Iqaluit Aug. 15 food protest draws small crowd, many honks of support
“There’s a lot of support from behind the scenes in what we’re doing"
A dozen residents in Iqaluit turned out with signs Aug. 15 to protest the high cost of food in Nunavut, more than a year after the first protests against high food prices and food insecurity in Nunavut and across the North organized by the Feeding My Family Facebook group.
As the protesters marched across the street from the Northmart store in Iqaluit at 5 p.m., they received boisterous support from passing motorists honking their horns.
“Hey hey! Ho ho! High prices got to go!” chanted Israel Mablick Sr. through a megaphone, accompanied by the sound of horns on the hot and sunny Iqaluit afternoon.
Mablick Sr. helped organize the protest on the Facebook group “Feeding My Family,” created by Leesee Papatsie. The group has since grown to almost 20,000 members.
A protest, held on National Aboriginal Day, June 21, 2012, sparked discussion nation-wide about the high cost of food in the North.
The United Nations’ special rapporteur Olivier De Schutter later produced a damning report that said the government isn’t doing enough to give Canadians an acceptable amount of accessible food.
Now, Canada’s auditor general is looking into the Nutrition North Canada program, which some say has only increased the cost of eating well in the North. An audit will be done this year, and a report will likely be issued in the fall of 2014.
However, Mablick Sr. isn’t sure of what to make from the audit.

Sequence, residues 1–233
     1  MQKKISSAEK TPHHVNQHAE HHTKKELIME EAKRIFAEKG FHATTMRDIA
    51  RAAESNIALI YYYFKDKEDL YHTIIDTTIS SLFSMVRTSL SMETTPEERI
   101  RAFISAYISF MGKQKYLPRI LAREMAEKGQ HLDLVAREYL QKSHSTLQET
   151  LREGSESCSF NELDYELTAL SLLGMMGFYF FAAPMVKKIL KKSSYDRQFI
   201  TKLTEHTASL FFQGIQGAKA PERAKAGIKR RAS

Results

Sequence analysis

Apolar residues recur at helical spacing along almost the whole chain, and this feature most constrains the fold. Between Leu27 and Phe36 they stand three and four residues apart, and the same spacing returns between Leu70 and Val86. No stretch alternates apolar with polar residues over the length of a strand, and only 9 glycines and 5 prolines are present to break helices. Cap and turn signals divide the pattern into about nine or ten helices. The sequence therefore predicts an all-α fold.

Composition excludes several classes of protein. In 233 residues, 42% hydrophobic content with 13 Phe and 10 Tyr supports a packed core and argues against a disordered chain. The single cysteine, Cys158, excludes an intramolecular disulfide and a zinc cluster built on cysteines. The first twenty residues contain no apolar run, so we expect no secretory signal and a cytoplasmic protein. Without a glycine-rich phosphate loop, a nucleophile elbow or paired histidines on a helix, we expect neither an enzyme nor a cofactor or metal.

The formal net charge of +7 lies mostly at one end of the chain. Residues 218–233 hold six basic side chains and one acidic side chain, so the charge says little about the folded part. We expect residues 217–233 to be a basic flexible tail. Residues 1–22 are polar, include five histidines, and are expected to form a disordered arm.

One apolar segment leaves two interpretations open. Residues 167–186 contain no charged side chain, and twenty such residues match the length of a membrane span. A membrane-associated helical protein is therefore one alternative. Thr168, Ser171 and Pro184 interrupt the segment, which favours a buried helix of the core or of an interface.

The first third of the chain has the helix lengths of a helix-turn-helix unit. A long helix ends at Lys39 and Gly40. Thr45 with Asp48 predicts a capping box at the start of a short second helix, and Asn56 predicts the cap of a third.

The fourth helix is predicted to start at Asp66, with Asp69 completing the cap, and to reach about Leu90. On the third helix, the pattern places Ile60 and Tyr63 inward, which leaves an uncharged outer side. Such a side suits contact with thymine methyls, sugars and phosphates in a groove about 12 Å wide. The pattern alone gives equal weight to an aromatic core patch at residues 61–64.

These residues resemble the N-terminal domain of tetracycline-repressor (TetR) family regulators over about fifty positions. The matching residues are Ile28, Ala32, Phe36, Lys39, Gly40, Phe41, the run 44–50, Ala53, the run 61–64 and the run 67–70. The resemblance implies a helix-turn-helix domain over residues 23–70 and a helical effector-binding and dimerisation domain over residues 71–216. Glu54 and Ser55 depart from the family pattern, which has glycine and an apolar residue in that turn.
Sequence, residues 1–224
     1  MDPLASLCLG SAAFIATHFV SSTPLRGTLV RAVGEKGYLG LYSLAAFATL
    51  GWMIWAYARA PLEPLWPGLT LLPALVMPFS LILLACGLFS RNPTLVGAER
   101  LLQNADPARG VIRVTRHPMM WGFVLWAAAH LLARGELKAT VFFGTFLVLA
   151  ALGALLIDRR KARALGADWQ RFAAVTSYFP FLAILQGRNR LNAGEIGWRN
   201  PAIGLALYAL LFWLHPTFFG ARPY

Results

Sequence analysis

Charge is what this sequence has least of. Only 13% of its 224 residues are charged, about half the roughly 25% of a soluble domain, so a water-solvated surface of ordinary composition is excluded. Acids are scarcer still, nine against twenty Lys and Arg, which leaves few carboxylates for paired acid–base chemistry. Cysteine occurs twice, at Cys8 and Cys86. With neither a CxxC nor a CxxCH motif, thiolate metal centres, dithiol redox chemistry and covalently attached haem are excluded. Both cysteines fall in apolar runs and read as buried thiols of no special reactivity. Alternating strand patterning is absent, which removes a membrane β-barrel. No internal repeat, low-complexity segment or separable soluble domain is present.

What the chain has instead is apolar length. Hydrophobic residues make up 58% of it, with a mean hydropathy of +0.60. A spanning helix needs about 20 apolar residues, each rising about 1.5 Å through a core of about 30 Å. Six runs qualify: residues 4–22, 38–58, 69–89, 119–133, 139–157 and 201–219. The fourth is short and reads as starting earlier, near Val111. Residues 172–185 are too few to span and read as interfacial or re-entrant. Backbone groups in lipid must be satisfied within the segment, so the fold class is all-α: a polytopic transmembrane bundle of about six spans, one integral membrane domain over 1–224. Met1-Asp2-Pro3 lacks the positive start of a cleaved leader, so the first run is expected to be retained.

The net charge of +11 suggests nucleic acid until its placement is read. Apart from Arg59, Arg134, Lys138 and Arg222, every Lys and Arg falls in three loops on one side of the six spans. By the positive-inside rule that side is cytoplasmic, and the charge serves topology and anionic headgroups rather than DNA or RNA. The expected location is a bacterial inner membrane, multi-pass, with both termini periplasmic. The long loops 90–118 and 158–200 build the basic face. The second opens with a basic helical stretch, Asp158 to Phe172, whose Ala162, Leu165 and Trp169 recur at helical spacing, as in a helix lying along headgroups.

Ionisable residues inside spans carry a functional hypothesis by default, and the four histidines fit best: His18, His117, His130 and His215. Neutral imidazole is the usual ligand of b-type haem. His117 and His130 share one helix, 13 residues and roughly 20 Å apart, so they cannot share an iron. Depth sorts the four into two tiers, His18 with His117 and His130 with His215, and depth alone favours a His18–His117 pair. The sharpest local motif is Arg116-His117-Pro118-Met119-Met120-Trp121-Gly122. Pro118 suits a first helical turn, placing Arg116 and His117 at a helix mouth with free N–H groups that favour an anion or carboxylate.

“We don’t know for sure what the outcome is going to be. Not sure what to expect other than what we already know,” Mablick Sr. said.
Although there were fewer people this year at the Aug. 15 protest than at last year’s June protest, Mablick Sr. thinks that “any supporters” are good.
“Sure there may be a little less supporters than last year, but we still got supporters, not just here, but all across Nunavut and Canada,” Mablick Sr. said.
Papatsie, holding a sign that read “Children got to bed hungry,” and a bright pink “Please HELP” poster dangling from her body said she’s “not worried” about less people this year.
“There’s a lot of support from behind the scenes in what we’re doing,” Papatsie said.
Beth Beattie, who works for the Nunavut Status of Women Council, lined up with the other protestors.
“I’m just here to support the whole problem of cost of food in Iqaluit,” Beattie said.
“If we don’t want kids going to the hospital and not being malnourished and not having problems and not maybe breaking and entering because they need something to sell in order to have food, we have to get these prices down,” Beattie said.
And Charlotte Borg, president of the Nunavut Status of Women Council, held a sign that read, “67 per cent of households in Nunavut are food insecure,” also shared the same sentiment.
“More than one in every two households children go to bed hungry. And they’re hungry on a consistent basis,” Borg said.
“That has effects elsewhere. They go to school hungry, they can’t make an effort to learn because they’re hungry, and the domino effect,” she said.
“I think this is outrageous really. I think something needs to be done about this.”